Four new members of staff have followed former RAF chef Chris Coleman to join the team at of one of Newton Aycliffe’s former World War II bullet-making factories.
Five members of staff have started their new jobs at Newton Aycliffe leisure facility ROF 59, the former Presswork Metals factory which closed six years ago, which is due to re-open as a £1.1m mixed leisure facility before the end of the month.
Chris Coleman, who’s trained in classical French cuisine, spent several years in Her Majesty’s Royal Air Force.
During his time with the RAF, Chris cooked for then Prime Minister John Major in the 1990s as well as American President Bill Clinton.
You can read more about Chris by clicking here.
Click here to see the latest pictures of how ROF 59 is progressing.
Around 20 jobs will be created by ROF 59, and joining Chris already are fellow chef Chris Walls, restaurant/bar manager Phil Perkins, restaurant supervisor Kevin Sansom and bar supervisor Taylor Dockerty.
Receptionists Naomi Jackson, Kathryn Runciman and Gaye Stephenson (pictured below) have also joined the new team at ROF 59.
Chris added: “Kim and the Finley team have put in a vast amount of attention to detail. Creatively it’s a very cleverly thought out concept – one of the nicest I’ve seen.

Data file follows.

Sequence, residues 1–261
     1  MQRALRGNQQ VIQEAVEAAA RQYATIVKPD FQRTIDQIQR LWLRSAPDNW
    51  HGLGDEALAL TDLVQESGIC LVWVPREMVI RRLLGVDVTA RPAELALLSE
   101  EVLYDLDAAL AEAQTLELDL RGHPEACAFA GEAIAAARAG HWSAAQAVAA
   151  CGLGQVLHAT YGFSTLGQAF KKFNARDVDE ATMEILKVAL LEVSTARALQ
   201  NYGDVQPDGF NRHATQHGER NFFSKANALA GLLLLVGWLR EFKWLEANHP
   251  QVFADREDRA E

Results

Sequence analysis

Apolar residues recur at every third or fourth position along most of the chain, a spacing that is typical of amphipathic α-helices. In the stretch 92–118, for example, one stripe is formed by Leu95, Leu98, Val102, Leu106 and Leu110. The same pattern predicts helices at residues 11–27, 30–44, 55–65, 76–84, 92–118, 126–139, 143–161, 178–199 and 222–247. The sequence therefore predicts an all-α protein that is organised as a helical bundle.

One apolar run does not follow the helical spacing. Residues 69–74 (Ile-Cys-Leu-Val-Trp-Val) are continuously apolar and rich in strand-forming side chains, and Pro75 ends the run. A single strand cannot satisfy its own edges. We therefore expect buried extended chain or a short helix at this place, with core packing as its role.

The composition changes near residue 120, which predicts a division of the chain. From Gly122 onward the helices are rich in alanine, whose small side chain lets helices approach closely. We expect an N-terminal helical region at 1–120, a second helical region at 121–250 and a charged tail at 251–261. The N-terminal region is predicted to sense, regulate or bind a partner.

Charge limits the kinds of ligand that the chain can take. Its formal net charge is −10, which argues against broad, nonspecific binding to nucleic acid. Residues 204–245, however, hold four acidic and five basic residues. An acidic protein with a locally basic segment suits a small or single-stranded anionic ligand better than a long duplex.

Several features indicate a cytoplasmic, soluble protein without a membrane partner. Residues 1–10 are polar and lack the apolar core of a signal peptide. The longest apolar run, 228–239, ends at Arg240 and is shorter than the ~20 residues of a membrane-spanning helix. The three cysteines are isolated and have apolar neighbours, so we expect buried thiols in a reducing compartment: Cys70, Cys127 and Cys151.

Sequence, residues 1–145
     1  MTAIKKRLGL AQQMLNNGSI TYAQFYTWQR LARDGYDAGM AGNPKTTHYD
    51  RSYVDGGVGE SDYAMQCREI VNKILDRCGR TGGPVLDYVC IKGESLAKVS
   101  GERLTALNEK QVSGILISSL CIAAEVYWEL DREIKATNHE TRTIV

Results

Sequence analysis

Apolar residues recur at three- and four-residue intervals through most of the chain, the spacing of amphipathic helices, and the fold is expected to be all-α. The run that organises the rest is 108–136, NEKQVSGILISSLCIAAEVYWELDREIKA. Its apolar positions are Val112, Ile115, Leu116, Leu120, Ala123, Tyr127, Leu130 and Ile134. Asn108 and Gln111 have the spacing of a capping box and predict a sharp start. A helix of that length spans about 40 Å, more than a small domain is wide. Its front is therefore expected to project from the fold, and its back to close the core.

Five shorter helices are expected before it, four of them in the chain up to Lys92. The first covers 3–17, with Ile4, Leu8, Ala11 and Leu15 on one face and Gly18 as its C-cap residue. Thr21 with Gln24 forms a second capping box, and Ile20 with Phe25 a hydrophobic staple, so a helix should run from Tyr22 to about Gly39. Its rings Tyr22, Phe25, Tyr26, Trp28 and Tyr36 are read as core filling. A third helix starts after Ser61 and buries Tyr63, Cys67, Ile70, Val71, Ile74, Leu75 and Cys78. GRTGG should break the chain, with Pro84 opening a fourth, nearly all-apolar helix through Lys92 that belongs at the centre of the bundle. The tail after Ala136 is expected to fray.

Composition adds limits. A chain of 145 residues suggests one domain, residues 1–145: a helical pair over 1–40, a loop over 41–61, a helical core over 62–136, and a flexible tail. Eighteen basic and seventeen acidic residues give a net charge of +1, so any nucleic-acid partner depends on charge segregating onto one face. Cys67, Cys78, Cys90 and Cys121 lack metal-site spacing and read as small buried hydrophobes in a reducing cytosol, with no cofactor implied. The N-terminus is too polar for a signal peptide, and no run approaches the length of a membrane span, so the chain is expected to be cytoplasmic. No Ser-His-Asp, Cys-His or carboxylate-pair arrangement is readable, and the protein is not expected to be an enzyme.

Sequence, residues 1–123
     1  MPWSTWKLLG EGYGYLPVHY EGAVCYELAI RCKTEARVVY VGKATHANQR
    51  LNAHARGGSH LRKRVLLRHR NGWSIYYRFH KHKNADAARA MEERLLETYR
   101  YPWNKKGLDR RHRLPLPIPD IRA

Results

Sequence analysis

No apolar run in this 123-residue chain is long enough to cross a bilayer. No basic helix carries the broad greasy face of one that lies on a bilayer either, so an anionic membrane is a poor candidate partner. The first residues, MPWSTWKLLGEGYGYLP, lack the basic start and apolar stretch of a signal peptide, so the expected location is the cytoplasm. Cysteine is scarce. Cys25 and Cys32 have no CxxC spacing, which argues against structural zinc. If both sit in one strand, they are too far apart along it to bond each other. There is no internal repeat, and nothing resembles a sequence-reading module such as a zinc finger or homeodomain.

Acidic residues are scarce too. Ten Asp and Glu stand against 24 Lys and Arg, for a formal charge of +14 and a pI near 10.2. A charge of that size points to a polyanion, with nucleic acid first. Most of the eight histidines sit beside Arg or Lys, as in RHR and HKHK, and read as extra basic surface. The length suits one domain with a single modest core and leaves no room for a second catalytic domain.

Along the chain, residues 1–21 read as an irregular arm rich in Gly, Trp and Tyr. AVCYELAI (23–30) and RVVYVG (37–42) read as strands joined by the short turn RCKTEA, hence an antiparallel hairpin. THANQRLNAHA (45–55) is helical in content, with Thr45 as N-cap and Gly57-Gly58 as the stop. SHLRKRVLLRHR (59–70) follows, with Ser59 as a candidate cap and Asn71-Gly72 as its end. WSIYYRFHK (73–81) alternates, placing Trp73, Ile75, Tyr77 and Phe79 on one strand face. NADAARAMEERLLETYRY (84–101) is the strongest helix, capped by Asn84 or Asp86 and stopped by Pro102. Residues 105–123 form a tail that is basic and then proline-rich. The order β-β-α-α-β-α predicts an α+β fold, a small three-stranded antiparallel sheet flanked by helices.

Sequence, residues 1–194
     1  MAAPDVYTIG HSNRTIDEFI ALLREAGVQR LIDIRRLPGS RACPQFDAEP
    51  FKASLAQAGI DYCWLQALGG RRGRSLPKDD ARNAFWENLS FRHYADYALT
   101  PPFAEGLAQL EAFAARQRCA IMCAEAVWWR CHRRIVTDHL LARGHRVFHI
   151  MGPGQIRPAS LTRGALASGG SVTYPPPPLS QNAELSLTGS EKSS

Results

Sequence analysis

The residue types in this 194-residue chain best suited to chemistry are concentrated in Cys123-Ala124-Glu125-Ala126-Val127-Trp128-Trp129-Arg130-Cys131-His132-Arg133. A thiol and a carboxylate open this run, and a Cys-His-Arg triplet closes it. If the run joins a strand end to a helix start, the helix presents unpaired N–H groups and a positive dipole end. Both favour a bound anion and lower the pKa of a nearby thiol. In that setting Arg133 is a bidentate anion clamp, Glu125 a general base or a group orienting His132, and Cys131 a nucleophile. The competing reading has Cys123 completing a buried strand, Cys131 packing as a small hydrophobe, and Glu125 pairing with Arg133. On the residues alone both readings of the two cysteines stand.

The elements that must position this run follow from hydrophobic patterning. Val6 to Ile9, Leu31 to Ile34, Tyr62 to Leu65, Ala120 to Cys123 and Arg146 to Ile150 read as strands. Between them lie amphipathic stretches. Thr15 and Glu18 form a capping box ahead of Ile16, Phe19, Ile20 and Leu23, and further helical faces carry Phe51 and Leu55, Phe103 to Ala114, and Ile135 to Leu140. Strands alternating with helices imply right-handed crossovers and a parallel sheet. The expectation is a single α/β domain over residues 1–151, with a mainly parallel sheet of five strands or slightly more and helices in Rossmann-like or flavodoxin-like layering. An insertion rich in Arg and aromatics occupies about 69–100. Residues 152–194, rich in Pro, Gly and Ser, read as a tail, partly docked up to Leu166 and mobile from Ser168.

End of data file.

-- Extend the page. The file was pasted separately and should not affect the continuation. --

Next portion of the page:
“We’re putting a very, very strong team together and I’m so pleased they’ve come on board, and I think we’re going to see great things here.
“I can’t see it doing anything other than growing from strength-to-strength.”
ROF 59 has been built on the site of the former Presswork Metals factory after Finley Structures invested more than £1.1m in creating the new facility.
Almost £750,000 was spent on constructing a new steel frame for the 70,000 square foot site.
A further £400,000 has now been spent fitting out the inside of the new building, which will include a restaurant and bar/lounge, appropriately named The Blitz and The Bunker.
ROF 59 will also include a huge activity centre, featuring 20 different climbing walls for climbers of all abilities – including one of the biggest in the country, standing at 20 metres tall.
The huge munitions factories in Aycliffe employed some 17,000 workers, mostly women, between 1941 and 1945 and was an extremely important part of the country’s war effort.
The work was highly dangerous as the women filled bullets and bombs for the boys in the battlefield. There were a number of serious and fatal explosions, with eight people being killed in one blast.
ROF 59 will eventually include several items of Aycliffe Angels memorabilia which will enable the town’s proud history of the munitions-making factories to live on.
Part of an old railway line, used to transport the munitions to the main railway line which was uncovered during foundation works, will be incorporated into other memorabilia features including a model spitfire and archive photographs from back in the day.